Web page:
after surgery.
ξ If you need a refill please call the
spine clinic and ask for the nurse.
ξ Please call 3-4 business days before
you need the refill.
ξ Be ready to give the name and
address of the pharmacy where you
want the prescription mailed.
ξ You also may pick up the
prescription at the clinic.

Future clinic visits
ξ Your first clinic visit is 4-6 weeks
after surgery.
ξ Your doctor will decide all other
clinic visits.


Phone Numbers
ξ During business hours 8:00 AM-5:00
PM Spine Clinic 608-265-3207
ξ After business hours, nights or
weekends the clinic number will
forward you to the Paging operator.
ξ Ask for the Orthopedic resident on
call. Leave your name and number
with area code. The doctor will call
you back.
ξ Toll free 1-800-323-8942




























Your health care team may have given you this information as part of your care. If so, please use it and call if you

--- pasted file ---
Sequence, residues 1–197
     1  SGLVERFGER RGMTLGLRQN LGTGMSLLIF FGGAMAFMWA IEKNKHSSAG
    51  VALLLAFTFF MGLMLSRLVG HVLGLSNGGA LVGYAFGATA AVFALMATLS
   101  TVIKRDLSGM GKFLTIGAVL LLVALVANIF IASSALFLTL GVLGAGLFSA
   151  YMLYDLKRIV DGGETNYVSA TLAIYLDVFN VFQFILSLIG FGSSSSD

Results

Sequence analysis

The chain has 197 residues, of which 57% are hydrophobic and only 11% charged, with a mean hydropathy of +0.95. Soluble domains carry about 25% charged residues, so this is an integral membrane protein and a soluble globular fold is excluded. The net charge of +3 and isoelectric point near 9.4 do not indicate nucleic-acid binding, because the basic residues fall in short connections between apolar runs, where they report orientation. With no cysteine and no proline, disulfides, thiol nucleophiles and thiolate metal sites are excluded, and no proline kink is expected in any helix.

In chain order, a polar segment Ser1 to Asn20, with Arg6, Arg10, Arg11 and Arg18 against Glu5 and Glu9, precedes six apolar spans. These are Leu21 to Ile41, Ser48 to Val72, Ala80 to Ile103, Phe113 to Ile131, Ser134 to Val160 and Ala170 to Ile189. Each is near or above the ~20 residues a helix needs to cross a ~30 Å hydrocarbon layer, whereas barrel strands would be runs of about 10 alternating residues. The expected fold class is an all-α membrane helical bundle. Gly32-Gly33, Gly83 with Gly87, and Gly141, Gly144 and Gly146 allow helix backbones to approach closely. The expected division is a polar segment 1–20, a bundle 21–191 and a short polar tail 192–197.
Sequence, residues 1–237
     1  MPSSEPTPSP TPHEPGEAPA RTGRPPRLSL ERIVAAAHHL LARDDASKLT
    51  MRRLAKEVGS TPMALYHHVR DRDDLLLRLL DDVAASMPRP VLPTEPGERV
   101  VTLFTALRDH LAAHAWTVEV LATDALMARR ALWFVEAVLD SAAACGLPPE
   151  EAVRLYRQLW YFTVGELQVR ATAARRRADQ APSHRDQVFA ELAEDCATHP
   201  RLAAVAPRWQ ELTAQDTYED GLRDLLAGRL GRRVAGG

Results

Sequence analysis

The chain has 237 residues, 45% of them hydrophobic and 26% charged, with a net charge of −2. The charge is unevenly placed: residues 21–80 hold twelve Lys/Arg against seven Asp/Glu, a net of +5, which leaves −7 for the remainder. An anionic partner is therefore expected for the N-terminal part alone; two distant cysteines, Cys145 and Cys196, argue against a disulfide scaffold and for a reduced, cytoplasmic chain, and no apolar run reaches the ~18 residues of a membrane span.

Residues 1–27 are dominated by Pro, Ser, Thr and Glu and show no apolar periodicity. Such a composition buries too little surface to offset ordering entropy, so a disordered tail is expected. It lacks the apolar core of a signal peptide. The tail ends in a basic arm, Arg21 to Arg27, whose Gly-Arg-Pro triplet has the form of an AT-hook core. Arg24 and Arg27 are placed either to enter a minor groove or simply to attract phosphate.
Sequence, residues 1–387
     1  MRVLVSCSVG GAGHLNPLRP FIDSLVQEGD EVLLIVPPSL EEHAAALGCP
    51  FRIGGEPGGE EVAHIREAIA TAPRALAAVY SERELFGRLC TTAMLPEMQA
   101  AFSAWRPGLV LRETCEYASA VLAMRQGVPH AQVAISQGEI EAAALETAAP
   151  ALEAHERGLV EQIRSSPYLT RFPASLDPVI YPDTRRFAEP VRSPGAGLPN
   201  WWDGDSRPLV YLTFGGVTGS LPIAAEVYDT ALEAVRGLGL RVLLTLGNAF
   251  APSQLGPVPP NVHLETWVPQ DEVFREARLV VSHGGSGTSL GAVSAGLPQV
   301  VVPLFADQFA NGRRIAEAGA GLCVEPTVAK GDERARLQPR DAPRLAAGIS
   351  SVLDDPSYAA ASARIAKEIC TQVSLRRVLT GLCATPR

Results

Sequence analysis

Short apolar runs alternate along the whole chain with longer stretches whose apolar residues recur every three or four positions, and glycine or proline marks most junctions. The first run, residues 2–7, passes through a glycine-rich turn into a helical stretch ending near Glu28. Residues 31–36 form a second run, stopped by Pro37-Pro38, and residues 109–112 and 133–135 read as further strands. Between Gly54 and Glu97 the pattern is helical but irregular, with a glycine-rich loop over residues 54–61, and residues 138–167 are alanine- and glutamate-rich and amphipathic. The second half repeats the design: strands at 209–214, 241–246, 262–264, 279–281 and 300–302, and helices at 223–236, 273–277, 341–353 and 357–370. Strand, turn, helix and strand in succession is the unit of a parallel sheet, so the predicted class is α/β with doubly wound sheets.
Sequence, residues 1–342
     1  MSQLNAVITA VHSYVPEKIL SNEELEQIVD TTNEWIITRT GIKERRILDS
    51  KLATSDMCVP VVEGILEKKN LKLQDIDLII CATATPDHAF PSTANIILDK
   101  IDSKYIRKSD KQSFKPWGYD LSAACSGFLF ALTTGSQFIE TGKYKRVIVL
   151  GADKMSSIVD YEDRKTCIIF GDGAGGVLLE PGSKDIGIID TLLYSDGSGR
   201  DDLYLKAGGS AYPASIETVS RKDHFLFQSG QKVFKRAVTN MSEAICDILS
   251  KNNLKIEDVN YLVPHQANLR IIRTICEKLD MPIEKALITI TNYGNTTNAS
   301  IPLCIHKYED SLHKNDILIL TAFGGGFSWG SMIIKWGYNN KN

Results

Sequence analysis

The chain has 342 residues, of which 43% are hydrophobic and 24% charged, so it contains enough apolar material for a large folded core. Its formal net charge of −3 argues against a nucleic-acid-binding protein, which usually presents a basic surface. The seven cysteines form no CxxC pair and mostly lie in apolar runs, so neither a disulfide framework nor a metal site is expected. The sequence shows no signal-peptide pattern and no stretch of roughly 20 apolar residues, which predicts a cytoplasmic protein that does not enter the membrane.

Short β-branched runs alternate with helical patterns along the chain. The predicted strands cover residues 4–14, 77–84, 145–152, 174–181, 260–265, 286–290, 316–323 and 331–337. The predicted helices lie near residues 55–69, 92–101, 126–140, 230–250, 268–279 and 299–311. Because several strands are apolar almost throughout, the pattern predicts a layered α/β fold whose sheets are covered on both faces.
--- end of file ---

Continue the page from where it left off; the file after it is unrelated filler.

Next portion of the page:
have any questions. If this information was not given to you as part of your care, please check with your doctor.
This is not medical advice. This is not to be used for diagnosis or treatment of any medical condition. Because
each person’s health needs are different, you should talk with your doctor or others on your health care team
when using this information. If you have an emergency, please call 911. Copyright © 4/2017 University of
Wisconsin Hospitals and Clinics Authority. All rights reserved. Produced by the Department of Nursing. HF#7967